Concepts: Faces, Matrix, Dimension, The Big Bang Theory, Universe, General relativity, YouTube, Big Bang


Bundling visually aggregates curves to reduce clutter and help finding important patterns in trail-sets or graph drawings. We propose a new approach to bundling based on functional decomposition of the underling dataset. We recover the functional nature of the curves by representing them as linear combinations of piecewise-polynomial basis functions with associated expansion coefficients. Next, we express all curves in a given cluster in terms of a centroid curve and a complementary term, via a set of so-called principal component functions. Based on the above, we propose a two-fold contribution: First, we use cluster centroids to design a new bundling method for 2D and 3D curve-sets. Secondly, we deform the cluster centroids and generate new curves along them, which enables us to modify the underlying data in a statistically-controlled way via its simplified (bundled) view. We demonstrate our method by applications on real-world 2D and 3D datasets for graph bundling, trajectory analysis, and vector field and tensor field visualization.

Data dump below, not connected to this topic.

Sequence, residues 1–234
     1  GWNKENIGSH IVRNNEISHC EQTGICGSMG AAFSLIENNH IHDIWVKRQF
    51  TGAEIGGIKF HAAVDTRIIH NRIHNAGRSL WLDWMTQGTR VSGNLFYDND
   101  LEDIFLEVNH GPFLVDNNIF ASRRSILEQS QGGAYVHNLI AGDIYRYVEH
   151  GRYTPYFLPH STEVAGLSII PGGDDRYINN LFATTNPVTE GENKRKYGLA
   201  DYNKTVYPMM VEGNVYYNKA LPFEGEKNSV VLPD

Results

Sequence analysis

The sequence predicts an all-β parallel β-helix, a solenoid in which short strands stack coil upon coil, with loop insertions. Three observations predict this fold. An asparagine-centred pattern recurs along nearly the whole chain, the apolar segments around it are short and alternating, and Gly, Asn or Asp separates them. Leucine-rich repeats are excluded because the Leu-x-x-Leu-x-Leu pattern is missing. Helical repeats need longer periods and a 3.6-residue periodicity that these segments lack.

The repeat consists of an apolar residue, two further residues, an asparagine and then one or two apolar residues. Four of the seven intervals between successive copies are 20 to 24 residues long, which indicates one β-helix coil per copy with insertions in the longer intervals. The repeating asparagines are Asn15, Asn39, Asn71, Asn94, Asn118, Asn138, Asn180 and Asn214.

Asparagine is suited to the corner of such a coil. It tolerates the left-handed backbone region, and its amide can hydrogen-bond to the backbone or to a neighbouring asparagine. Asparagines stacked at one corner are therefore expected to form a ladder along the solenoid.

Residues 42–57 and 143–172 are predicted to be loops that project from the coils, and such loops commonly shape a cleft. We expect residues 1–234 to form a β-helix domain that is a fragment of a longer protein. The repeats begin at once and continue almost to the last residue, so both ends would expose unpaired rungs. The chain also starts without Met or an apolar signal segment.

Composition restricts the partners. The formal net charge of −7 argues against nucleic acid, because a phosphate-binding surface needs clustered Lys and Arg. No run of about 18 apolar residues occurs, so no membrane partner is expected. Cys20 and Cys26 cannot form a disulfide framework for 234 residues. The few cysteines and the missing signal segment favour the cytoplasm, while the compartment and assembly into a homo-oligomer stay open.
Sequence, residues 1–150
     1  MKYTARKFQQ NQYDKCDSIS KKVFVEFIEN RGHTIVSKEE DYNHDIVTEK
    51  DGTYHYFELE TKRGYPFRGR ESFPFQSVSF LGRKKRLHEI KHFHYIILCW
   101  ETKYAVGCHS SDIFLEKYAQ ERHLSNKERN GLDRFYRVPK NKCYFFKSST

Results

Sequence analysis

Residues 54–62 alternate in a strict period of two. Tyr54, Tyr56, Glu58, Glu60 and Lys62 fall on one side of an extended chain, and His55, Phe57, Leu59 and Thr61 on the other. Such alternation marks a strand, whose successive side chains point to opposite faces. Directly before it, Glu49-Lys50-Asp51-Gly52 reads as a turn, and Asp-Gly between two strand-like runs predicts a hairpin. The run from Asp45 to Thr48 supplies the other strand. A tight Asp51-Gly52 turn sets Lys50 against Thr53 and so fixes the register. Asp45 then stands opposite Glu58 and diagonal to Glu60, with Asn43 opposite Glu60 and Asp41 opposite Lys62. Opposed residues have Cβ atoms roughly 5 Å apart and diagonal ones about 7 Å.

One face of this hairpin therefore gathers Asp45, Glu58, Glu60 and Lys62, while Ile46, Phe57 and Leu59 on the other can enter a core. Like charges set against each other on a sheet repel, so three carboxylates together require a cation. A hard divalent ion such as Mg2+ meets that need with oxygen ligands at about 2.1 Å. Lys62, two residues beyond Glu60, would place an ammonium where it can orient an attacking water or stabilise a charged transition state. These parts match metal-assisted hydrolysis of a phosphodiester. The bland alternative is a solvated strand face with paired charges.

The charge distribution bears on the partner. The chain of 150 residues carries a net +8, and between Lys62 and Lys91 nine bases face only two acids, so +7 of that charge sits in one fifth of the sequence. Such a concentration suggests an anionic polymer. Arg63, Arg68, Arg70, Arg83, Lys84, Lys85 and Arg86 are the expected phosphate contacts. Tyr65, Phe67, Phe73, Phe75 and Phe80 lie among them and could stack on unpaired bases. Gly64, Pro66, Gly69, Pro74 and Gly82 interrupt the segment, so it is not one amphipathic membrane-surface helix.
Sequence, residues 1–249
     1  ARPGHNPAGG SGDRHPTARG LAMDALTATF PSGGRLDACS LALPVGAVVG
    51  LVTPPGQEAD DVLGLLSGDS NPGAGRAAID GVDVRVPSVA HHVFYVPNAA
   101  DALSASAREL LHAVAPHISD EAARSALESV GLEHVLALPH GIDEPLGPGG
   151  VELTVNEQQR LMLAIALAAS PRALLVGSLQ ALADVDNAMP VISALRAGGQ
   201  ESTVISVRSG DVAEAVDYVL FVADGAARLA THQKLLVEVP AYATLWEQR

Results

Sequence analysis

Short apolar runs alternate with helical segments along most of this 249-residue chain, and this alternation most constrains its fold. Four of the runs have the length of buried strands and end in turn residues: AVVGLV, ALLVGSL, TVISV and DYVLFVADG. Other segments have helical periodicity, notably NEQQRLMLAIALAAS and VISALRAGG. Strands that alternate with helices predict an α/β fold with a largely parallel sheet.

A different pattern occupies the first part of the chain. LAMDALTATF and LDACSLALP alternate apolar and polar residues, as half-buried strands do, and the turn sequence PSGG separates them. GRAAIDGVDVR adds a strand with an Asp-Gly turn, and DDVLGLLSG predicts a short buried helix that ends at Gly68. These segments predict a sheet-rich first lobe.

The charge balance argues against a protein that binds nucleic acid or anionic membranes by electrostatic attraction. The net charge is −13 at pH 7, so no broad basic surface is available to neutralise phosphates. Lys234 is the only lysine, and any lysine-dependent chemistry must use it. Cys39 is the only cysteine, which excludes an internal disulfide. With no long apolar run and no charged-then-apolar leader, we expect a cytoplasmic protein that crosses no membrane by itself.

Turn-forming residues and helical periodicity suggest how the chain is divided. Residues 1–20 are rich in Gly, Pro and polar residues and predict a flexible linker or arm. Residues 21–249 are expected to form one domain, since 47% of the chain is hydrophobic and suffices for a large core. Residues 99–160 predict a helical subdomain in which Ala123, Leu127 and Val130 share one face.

Concepts: Derivative, Vector field, Tensor field, Module, Curve, Matrix, Linear algebra, Vector space


Intravital imaging of BRAF-mutant melanoma cells containing an ERK/MAPK biosensor reveals how the tumor microenvironment affects response to BRAF inhibition by PLX4720. Initially, melanoma cells respond to PLX4720, but rapid reactivation of ERK/MAPK is observed in areas of high stromal density. This is linked to "paradoxical" activation of melanoma-associated fibroblasts by PLX4720 and the promotion of matrix production and remodeling leading to elevated integrin β1/FAK/Src signaling in melanoma cells. Fibronectin-rich matrices with 3-12 kPa elastic modulus are sufficient to provide PLX4720 tolerance. Co-inhibition of BRAF and FAK abolished ERK reactivation and led to more effective control of BRAF-mutant melanoma. We propose that paradoxically activated MAFs provide a “safe haven” for melanoma cells to tolerate BRAF inhibition.

Concepts: Collagen, Young's modulus, Matrix, Melanoma, The Promotion, Toleration